This review may contain spoilers. I can handle the truth.
Simone’s review published on Letterboxd:
This review may contain spoilers.
The first time I saw this, I absolutely hated it. I swore I would never see it again. That was three years ago. Obviously, I lied, and I'm really glad I went back on my word. The last time I watched it, I tried way too hard to "get it" and I failed to let the emotion of the film wash over me. I was trying too hard to make everything fit together plot-wise instead of letting the stories connect thematically. All that has changed now. By not trying so hard to understand the intent behind the film, I feel like I understand how it's supposed to make the audience feel more clearly.
First, I should talk about the music. The soundtrack is vital to the film and why it feels like an overblown, self-important farce on a first-watch (at least for me). The score clashes with the drama unfolding on the screen purposefully, I think. I felt like I was being challenged to remember at all times that this is a film, but that these situations could all (and do) happen in real life. PTA challenges us to see how the themes connect, but lets us off the hook in terms of having a 100% immersive experience.
This film is even richer thematically than PTA's previous films. In Magnolia, he is letting all of his ideas and feelings about life come to a head as he tries to capture the entirety of the human experience in the tiny microcosm of San Fernando Valley. The myriad characters in this film are exposed as flawed, but beautiful and wonderful people. They experience a lot of tragedy and pain, but they are also able to cling to hope and change for the better. I think the most pervasive themes are that of turning guilt from the past into forgiveness and redemption. Sometimes, the film beats you over the head with the theme of forgetting the past, but it is mostly shown through the interactions of the characters. Everyone in this film has at least one redeeming characteristic, which I find very pleasant. I loved the arcs they take in such a short amount of time. You grow to care about them and hope for the best. When they smile, you smile, and you feel better.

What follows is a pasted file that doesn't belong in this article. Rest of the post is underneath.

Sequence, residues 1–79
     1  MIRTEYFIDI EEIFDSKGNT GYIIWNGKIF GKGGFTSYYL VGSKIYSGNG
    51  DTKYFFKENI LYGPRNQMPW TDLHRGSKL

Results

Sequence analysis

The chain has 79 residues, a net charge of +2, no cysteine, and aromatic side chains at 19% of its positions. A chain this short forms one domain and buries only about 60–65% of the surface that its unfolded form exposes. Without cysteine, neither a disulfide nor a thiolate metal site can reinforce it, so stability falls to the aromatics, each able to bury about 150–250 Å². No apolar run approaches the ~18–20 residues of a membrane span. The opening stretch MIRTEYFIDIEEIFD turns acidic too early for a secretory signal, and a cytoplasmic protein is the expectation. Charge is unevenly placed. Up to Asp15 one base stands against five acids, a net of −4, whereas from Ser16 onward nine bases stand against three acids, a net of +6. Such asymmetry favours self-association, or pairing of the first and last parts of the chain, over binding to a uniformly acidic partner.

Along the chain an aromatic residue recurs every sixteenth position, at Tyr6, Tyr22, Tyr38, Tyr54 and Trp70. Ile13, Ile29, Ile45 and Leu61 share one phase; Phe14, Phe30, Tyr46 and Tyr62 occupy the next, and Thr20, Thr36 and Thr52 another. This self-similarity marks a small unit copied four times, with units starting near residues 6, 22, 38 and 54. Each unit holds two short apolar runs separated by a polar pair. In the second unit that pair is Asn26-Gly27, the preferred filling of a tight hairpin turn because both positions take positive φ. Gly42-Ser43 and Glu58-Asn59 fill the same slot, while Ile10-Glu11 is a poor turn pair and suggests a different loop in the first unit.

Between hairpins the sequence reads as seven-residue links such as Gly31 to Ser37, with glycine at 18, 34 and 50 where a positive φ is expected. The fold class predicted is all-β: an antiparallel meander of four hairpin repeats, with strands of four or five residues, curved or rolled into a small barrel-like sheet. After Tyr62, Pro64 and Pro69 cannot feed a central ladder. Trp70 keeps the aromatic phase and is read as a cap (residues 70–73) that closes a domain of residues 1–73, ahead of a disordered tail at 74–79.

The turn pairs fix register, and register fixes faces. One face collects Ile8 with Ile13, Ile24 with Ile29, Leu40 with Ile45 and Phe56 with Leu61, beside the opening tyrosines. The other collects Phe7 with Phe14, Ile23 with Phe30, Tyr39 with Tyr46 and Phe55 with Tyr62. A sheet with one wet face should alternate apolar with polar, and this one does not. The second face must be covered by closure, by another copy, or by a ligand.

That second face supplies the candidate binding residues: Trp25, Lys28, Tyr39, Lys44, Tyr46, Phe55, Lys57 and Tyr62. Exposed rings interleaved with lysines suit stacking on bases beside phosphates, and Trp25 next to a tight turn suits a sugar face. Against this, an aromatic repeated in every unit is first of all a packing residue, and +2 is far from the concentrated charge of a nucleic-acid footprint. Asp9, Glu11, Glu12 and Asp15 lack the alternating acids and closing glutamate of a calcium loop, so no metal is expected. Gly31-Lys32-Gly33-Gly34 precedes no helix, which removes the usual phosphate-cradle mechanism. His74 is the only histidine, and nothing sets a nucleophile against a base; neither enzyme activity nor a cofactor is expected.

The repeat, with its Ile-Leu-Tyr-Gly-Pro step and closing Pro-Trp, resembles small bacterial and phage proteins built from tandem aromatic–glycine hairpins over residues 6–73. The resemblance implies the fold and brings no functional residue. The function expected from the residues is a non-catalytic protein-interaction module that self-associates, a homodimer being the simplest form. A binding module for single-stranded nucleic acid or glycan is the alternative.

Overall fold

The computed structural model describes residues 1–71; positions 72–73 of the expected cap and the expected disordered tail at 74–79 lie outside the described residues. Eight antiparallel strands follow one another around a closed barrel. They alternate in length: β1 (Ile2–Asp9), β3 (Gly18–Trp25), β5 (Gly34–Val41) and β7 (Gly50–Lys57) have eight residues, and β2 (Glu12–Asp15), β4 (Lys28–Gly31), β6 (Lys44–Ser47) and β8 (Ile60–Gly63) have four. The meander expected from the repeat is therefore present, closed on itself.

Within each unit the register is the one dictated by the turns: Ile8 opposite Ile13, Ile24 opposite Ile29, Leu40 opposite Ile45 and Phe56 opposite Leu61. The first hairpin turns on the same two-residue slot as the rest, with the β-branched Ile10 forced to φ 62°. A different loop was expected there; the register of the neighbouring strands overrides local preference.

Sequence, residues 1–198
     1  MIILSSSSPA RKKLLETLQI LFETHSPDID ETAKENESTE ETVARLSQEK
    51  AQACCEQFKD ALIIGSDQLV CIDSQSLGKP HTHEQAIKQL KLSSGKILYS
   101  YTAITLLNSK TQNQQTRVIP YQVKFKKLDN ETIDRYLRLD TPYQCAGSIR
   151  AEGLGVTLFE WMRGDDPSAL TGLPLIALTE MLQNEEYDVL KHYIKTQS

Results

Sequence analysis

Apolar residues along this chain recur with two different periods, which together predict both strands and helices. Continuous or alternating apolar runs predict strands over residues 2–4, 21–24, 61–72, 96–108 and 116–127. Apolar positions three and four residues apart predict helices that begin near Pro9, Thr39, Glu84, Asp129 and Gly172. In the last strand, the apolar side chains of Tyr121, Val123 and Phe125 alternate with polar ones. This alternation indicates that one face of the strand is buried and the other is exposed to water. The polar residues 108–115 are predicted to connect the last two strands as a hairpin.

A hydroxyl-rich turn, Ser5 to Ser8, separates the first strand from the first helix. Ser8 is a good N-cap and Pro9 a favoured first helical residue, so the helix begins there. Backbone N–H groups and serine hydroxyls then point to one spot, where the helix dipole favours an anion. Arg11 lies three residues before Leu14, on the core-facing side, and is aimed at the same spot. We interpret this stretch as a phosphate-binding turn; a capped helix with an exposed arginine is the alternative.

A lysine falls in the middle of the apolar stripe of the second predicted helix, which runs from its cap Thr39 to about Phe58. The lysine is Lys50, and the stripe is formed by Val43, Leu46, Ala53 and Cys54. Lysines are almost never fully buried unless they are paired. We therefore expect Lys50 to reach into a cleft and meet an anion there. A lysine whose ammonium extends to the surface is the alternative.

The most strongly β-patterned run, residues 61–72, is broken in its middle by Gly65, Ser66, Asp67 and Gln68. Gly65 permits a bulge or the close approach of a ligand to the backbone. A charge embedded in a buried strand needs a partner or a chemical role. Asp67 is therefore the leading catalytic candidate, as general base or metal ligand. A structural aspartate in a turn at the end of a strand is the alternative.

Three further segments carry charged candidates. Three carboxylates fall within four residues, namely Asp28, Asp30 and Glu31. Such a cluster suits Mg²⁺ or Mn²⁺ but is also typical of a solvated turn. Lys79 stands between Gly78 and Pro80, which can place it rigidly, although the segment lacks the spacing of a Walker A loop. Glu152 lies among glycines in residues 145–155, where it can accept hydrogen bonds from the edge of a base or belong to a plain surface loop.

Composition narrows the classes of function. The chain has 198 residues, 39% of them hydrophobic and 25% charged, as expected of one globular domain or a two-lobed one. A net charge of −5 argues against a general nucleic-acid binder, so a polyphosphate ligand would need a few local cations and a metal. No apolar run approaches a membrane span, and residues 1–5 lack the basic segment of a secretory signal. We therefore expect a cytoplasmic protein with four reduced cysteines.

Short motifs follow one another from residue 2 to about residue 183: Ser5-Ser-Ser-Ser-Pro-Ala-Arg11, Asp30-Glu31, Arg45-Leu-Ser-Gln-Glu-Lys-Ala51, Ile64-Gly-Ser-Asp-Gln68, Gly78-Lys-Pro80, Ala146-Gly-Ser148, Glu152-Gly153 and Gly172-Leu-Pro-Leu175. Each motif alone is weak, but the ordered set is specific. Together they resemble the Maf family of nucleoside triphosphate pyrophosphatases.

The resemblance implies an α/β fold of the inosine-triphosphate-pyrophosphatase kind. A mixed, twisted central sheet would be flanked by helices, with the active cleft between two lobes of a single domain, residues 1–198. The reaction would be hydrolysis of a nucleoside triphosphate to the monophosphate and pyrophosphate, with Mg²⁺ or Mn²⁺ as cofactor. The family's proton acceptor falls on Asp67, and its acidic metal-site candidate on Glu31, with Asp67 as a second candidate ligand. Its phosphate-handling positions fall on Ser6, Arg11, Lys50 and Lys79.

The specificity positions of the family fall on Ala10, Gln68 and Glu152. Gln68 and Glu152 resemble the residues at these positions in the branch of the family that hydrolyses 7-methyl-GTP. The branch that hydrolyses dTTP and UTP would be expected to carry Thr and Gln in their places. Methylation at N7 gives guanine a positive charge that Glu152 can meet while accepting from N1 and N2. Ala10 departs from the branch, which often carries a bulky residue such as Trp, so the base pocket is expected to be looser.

Again, PTA shows his attention to detail is as acute as ever. I think Magnolia is where he really comes into his own as a filmmaker, pushing the three hour film forward at a breakneck pace. The way you follow the characters around, seeing things from their point of view, is my favorite technique of his. The editing of the scenes and myriad perspectives together is flawless. It must've been a grueling process!
My second favorite shot/technique is when he focuses on the character who is listening to another character instead of switching back and forth. By capturing these reactions for such a long duration, you feel very connected to the character. The dialogue and the action doesn't matter in those moments. The perfect example of this in Magnolia is when Tom Cruise as Frank Mackey returns to the stage after his emotional interview with the reporter. He is trying to get his bearings while you hear the crowd reacting to his sudden change of demeanor and lack of confidence. As you're hearing them, all you feel is sympathy for Mackey and what he's going through because you are only allowed to look at his face. It's absolutely brilliant.
There are two scenes in the film that take a huge departure from the realism of the more intimate scenes and go into fantasy territory. The first big example is the scene when all of the main characters take turns singing an Aimee Mann song. Even though it's completely implausible, it is yet another sign that PTA doesn't want you to forget that you're watching a film. The second, and most obvious departure from reality, is the frogs falling from the sky. I still feel like it's an awkward and out-of-place scene, but now that I know he isn't pushing religious imagery on us to convince us of something, I'm cool with it. It works because it's memorable and it ties the stories back into the prologue about coincidences.
Overall, this is an extremely ambitious film that gets much better when you watch it multiple times. This is my second, and I already know that my third and fourth viewings will further my love for this great film. Again, even more excited for The Master this Friday! There's one more film in my PT Anderson marathon, and that's There Will Be Blood. Get ready for many superlatives and synonyms of the word "perfect."